Each race on the November 7 ballot for Durham’s municipal elections is competitive. Durhamites are engaged—early voting for the October 10 primary brought out about 60 percent more eligible voters than in 2015, although turnout was still just 13 percent—and the candidates are sharp. But the Ward 1 race is the closest.

In the primary, DeDreana Freeman led incumbent Cora Cole-McFadden by 1,301 votes—a slim margin that is surprising given Cole-McFadden’s track record in primaries past. She was unopposed in 2013, won 69 percent of the vote in 2009, 72 percent in 2005, and 58 percent in 2001, when she first joined the council.

It’s also the only race with an incumbent still in the running, pitting a seventy-two-year-old lifelong Bull City resident and longtime fixture of Durham politics against a forty-year-old who moved to Durham ten years ago and seems to be everywhere and involved in everything.

As a teenager, Cole-McFadden was one of four students who helped desegregate Durham High School. She was the first African-American woman to lead a city department and the first black woman to serve as the council’s mayor pro tem.

Freeman is special assistant to the president of the East Durham Children’s Initiative. She has served as president of Durham’s InterNeighborhood Council and chairwoman of the Northeast Central Durham Leadership Council. She is a city-county planning commissioner and chairs a Durham Democratic Party precinct.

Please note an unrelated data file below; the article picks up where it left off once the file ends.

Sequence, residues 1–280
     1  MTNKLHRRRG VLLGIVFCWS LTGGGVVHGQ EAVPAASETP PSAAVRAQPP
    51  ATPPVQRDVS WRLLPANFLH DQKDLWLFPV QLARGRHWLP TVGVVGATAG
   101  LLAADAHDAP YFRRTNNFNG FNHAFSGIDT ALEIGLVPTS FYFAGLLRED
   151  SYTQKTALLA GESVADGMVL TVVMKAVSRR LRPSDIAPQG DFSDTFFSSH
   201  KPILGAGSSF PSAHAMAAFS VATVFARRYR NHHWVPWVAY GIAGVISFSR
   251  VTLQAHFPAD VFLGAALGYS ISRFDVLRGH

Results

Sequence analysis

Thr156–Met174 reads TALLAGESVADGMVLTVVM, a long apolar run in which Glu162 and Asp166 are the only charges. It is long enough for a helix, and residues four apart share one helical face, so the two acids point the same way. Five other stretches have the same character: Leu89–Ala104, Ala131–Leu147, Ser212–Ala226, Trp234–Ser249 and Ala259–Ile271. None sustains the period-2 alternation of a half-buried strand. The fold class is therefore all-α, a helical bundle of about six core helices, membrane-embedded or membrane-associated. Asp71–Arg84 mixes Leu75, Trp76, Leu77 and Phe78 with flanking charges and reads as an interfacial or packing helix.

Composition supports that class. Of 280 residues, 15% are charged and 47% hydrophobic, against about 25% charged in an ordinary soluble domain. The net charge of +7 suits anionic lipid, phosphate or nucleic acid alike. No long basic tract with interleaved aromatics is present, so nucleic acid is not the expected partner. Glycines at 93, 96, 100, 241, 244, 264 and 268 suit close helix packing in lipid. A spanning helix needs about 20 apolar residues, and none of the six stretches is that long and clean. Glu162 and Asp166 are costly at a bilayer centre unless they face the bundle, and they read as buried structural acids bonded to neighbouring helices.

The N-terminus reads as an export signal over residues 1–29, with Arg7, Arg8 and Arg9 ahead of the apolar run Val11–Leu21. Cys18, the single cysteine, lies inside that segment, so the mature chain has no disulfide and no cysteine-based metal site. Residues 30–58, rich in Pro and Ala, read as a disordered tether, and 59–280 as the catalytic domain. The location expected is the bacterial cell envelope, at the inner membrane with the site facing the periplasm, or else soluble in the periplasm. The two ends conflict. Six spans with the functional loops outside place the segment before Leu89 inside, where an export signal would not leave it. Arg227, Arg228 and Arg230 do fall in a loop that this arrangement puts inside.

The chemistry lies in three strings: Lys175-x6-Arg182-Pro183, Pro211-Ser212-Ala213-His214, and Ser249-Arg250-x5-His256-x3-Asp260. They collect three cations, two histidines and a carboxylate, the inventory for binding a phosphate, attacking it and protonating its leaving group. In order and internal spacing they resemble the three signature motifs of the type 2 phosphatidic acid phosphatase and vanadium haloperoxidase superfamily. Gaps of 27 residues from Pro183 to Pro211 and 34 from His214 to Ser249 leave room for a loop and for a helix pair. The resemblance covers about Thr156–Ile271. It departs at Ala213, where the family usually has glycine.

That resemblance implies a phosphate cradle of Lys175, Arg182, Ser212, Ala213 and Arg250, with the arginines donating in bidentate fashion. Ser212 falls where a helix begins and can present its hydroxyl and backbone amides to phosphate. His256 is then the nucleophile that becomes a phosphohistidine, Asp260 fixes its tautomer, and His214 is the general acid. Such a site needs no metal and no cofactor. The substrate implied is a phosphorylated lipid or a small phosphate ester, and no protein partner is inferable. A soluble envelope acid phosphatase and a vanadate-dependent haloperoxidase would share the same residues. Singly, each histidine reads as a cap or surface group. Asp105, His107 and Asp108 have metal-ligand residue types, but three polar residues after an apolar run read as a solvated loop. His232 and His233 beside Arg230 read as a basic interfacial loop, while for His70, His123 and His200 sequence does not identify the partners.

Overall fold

Both candidates identify inequities experienced by Durham residents in wealth, housing, and health as the most pressing issues facing the city. Cole-McFadden emphasizes her Durham roots and the importance of institutional knowledge, while Freeman speaks about the need for more community participation and more investment in marginalized communities.

Freeman sees herself as a grassroots candidate and Cole-McFadden as “of the establishment.” Both agree that they vary more in approach than in policy.

Freeman thinks voters want change, and Durham can do more to live up to the progressive label it gives itself. That means listening to communities from which she feels Cole-McFadden is disconnected.

“I don’t have to say how progressive I am. I think the last ten years of my life show how progressive I am, and I think if you look at the last sixteen years of her being in office, you would see how not progressive she was,” Freeman says.

Asked for specifics, Freeman says Cole-McFadden hasn’t pushed for innovative solutions to the city’s affordable housing crisis and voted to spend $1.4 million on body cameras with little means for the public to access the footage, though a state law passed last year forbids the release of body-cam footage without a court order.

But Cole-McFadden says the sacrifices she’s made as a council member, city employee, and someone who helped advance racial equality make her worthy of another term. She knows Durham, she says, and knows the realities of working in local government, particularly under a preemptive state legislature—which she suggests her competitor may not.